Stories tagged hybrid cars

Oct
11
2010

I don't know: I just assumed that a stupid car would have its tongue hanging out. Like my dog.
I don't know: I just assumed that a stupid car would have its tongue hanging out. Like my dog.Courtesy IFCAR
We talk about alternative fuels and energy use and transportation pretty often on Science Buzz, so when news about the Chevy's upcoming car, the "Volt," and it's 230 mpg efficiency, came out last year, I thought that was pretty neat. (Admittedly, I was also sarcastic about it's price, but whatevs.)

Well, car magazines are finally getting a look at the Volt, and they're finding that its mileage is way less than 230 mpg. Like way, way less. 30 - 40 mpg, maybe. Also, it doesn't work how they said it would. It's more like a plug in hybrid car than an electric car with a gas generator, and once its low-range battery runs down, it's not a very good hybrid. But I guess it's still an intermediate step to more efficient transportation*. Just kind of a disappointing one.

*Almost a third of the energy we use in this country goes to transportation, and the vast majority of that is from non-renewable sources, so improving efficiency in this sector is a big deal.

Aug
11
2009

This jump is brought to you by: Joy.
This jump is brought to you by: Joy.Courtesy tbonzzz_6
Get your bells out, everybody, and ring them! The Chevy Volt is here! (In a year.)

GM released new details today about its new gas and electric hybrid car, the Chevy Volt. Using a plug-in battery (as opposed to current, unmodified hybrid cars, which recharge only via the gas engine), GM claims that the Volt should be able to achieve approximately 320 miles to the gallon during city driving. Estimates haven’t been completed for combined city and highway driving, by officials are confident that fuel economy will remain in the triple digits.

The car should have a range of about 40 miles, using its battery alone, at which point the gas engine would kick in. Nearly 80% of Americans, however, commute less than 40 miles each day, so most of the expended energy could come from the electrical grid (the car will plug into a standard outlet), instead of from gasoline.

GM’s chief executive calls the Volt a “game changer.”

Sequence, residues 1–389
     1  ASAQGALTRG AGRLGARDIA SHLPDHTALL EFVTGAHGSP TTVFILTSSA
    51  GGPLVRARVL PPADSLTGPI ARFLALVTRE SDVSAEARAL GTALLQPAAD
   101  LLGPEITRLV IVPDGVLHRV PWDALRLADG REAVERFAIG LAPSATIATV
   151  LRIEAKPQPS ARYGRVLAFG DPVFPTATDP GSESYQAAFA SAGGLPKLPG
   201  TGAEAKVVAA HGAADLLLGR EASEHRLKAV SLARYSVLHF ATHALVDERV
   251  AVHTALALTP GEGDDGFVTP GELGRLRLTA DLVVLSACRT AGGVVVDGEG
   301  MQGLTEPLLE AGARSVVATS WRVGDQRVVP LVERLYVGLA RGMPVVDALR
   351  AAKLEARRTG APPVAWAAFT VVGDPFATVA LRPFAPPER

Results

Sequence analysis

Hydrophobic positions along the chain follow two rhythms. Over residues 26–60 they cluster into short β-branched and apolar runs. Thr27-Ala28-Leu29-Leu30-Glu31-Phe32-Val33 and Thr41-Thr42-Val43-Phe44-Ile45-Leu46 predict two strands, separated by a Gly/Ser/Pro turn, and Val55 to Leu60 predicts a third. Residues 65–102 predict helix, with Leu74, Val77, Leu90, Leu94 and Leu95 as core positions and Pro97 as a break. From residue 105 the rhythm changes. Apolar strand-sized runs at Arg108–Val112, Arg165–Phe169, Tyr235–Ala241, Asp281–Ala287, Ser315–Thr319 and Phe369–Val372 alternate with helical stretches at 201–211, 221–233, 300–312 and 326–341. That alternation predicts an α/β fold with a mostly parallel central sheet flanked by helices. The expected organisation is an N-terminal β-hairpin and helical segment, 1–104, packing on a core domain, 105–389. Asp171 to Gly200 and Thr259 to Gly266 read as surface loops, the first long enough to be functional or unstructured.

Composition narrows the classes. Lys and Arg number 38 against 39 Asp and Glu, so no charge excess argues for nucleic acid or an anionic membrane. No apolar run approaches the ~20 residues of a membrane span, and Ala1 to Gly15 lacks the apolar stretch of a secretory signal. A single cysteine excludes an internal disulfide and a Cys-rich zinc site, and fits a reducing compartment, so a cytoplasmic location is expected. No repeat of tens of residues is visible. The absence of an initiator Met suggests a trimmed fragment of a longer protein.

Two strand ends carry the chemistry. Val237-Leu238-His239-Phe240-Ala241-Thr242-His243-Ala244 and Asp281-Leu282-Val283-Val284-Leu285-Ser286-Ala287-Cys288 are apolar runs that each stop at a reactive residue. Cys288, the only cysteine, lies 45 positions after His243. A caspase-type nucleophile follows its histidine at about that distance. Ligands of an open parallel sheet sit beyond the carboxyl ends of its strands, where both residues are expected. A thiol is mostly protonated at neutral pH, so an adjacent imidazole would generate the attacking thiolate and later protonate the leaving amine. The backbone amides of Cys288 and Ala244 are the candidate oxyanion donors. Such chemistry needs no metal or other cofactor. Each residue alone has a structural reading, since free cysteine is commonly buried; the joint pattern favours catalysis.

Finally, a game-changing American car. Not like those sissy Prius drivers, making smug environmental statements by purchasing impractically expensive vehicles. Sure, the Volt will be entering the game about 9 years late, but it does so with the confidence that every environmentally conscious working-class American with $40,000 to drop on a sweet new car will… wait, what?

What about the rest of GM’s 2010 lineup? They’re cutting more than half of their 30+ mpg cars? But a few Volts on the road should bring that fleet average up, right?

And GM is pushing for environmental responsibility in other areas, at least, right? Oh, they’re pulling out of a partnership that collects toxic mercury from their old scrapped cars?

Well, it was a nice thought. And it’s comforting to hear someone say something like “game changer” now and again.

Update:
Weeellllll... it looks like the volt may be kind of an unremarkable car after all. Despite their claims last year that it would get something like 230 miles to the gallon, auto trade magazines are test driving it now, and saying it actually gets mileage in the 30 - 40 mpg range. That's less than a Prius. But don't worry, it's still super expensive. Huh. I mean, I couldn't design a "game-changing" car, but, then again, I never said I would. It turns out, too, that even though GM insisted that it wasn't really a hybrid car, and that the gasoline powered engine would only drive a generator for the battery... that's all not true. The gas engine does charge the battery, but it also will drive the wheels. Prove me wrong, Chevy (or commenters), but is this actually a crappy idea, and not a significant step towards changing our energy use?